TED Conversations

Matthew Wieder

Student, Cooper Union for the Advancement of Science and Art


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Can we "engineer" our own interests through repeated exposure?

This week in my Bioelectricity class we learned about muscle contraction and how individual muscle twitches build on each other until tetanus (complete contraction of the muscle) is reached. Muscles are made up of small individual contractile units called sarcomeres which when they contract by themselves change the length of the muscle and produce a force that is negligible. However, when the sarcomeres contract in unison, the tension force produced is great enough to allow us to perform all of our normal day to day activities.

We also had a discussion in class about science education and how to get more young people excited about science -- often times in class there was a certain interaction with a role model who provided key influence either in a positive or negative direction.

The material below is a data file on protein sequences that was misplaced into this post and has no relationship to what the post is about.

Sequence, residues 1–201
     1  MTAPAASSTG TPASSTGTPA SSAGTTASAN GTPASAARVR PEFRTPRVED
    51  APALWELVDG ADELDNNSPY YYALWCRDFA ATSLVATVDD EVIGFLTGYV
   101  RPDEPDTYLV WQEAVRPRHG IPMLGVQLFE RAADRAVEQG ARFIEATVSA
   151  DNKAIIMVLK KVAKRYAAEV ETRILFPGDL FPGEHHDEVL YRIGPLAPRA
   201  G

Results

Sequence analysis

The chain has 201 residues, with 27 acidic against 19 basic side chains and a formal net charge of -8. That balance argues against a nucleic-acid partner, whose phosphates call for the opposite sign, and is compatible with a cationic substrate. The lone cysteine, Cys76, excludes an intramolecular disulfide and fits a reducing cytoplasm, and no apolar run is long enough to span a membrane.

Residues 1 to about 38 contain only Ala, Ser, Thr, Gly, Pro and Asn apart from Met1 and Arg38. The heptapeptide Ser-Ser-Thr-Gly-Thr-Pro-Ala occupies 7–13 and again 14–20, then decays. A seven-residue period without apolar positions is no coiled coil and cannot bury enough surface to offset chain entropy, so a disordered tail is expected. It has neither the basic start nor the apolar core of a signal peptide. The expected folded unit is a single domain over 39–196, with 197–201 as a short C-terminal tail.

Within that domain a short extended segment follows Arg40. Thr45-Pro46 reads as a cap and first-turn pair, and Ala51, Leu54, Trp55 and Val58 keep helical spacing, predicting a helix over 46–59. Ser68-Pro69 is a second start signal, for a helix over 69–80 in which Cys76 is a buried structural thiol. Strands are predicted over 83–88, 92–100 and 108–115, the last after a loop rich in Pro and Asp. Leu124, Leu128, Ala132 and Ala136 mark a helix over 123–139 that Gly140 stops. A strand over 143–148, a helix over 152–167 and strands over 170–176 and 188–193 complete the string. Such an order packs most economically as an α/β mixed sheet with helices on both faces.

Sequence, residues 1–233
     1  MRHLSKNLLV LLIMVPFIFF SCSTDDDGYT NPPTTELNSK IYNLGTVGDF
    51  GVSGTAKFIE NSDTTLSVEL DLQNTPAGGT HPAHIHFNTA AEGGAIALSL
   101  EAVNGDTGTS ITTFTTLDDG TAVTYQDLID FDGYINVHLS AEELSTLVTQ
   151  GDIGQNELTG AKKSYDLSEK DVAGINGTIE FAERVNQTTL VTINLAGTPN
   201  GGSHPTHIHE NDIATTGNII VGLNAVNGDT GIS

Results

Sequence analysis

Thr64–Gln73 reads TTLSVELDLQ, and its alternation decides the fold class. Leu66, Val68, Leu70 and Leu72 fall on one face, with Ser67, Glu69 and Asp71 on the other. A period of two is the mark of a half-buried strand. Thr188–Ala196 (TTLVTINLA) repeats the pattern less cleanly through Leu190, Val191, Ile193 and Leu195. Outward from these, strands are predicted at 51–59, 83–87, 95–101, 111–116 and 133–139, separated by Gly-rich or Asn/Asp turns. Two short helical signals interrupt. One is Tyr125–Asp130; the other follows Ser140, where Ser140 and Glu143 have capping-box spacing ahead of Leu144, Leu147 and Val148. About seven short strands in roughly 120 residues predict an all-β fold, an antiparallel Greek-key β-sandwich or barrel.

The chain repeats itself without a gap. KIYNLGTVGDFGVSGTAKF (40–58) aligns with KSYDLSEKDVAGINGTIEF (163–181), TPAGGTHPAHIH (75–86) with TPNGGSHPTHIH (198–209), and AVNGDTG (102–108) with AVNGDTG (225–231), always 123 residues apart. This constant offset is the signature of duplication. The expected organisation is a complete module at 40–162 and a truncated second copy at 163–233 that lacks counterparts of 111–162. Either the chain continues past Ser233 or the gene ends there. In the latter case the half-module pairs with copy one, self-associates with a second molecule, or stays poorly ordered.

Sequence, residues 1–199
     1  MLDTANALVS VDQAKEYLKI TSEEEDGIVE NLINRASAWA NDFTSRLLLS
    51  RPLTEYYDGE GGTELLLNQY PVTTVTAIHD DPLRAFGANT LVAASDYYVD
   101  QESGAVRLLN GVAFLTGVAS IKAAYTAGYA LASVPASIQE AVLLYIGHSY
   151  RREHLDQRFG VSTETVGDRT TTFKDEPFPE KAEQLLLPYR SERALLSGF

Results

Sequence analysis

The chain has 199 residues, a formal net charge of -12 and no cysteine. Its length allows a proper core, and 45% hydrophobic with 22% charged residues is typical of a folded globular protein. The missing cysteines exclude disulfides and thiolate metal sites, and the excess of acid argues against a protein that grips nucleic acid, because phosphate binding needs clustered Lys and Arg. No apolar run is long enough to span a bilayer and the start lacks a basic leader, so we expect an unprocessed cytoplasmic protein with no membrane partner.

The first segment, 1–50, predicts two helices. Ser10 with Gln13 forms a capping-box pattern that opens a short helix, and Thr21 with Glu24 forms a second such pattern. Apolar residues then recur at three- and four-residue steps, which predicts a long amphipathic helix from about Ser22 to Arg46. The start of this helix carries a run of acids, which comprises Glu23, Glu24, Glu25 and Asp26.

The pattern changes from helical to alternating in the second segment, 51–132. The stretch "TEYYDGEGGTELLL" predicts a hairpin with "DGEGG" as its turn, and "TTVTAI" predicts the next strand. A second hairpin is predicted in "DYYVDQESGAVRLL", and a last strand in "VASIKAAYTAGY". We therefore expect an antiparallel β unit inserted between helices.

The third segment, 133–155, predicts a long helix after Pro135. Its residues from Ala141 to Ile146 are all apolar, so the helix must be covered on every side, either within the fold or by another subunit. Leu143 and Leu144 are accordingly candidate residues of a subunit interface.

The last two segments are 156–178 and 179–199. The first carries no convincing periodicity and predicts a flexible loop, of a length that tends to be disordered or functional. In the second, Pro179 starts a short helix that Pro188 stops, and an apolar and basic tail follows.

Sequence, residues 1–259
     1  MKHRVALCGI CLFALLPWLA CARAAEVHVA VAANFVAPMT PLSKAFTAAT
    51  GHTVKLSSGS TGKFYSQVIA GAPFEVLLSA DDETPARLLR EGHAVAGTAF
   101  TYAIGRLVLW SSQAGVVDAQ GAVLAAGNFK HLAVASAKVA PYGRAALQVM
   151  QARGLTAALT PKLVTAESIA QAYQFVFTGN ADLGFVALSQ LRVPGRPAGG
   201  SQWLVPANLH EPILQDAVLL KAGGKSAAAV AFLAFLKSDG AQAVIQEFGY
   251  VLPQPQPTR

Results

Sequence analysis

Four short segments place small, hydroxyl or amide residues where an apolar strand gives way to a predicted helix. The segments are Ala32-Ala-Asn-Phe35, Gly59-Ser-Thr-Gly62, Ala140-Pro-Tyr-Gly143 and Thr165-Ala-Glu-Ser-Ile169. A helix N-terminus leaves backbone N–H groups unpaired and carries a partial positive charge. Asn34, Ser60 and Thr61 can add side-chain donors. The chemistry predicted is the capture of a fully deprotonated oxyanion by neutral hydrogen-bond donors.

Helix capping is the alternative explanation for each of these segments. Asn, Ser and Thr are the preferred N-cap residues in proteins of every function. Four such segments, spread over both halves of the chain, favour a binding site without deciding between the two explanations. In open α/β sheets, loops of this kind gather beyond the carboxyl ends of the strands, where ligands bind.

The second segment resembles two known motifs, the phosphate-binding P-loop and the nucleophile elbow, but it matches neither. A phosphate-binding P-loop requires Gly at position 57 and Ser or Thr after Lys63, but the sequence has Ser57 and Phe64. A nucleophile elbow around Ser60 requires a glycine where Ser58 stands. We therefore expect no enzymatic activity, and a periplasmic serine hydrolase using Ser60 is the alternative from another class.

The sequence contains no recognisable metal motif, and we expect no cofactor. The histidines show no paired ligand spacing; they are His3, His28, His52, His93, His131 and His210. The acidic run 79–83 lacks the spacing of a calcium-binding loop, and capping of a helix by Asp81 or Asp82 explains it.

This led me to think about the idea of life changing experiences. Is it ever a single experience, a specific interaction with a teacher or other role model that leads us to the career choices we make or, are we more influenced by the small events and sets of circumstances that "sum up" and provide this life altering influence?


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  • Mar 29 2012: I took it by the title, to relate to the psychological field, for example reciting a mantra to change behaviors, which are a result of perhaps negative events in a persons life, the most significant event is being born, where and when, and all of them have their implications for the future. When you start following a vocation, that would be a mix of chances, your past experiences, and the choices that you make. Teachers are important for guidance - as equally is the pupils temperament, everyone is different, some with a chip on their shoulder some seem to glide through life without a problem. I would say to your question, the big events ARE more important than the small, but the fable says the tortoise beats the hare.
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      Apr 4 2012: Amy, I liked very much your explanation. Would you please, tell me more about your experiences? Have you done this often? How? Thank you.

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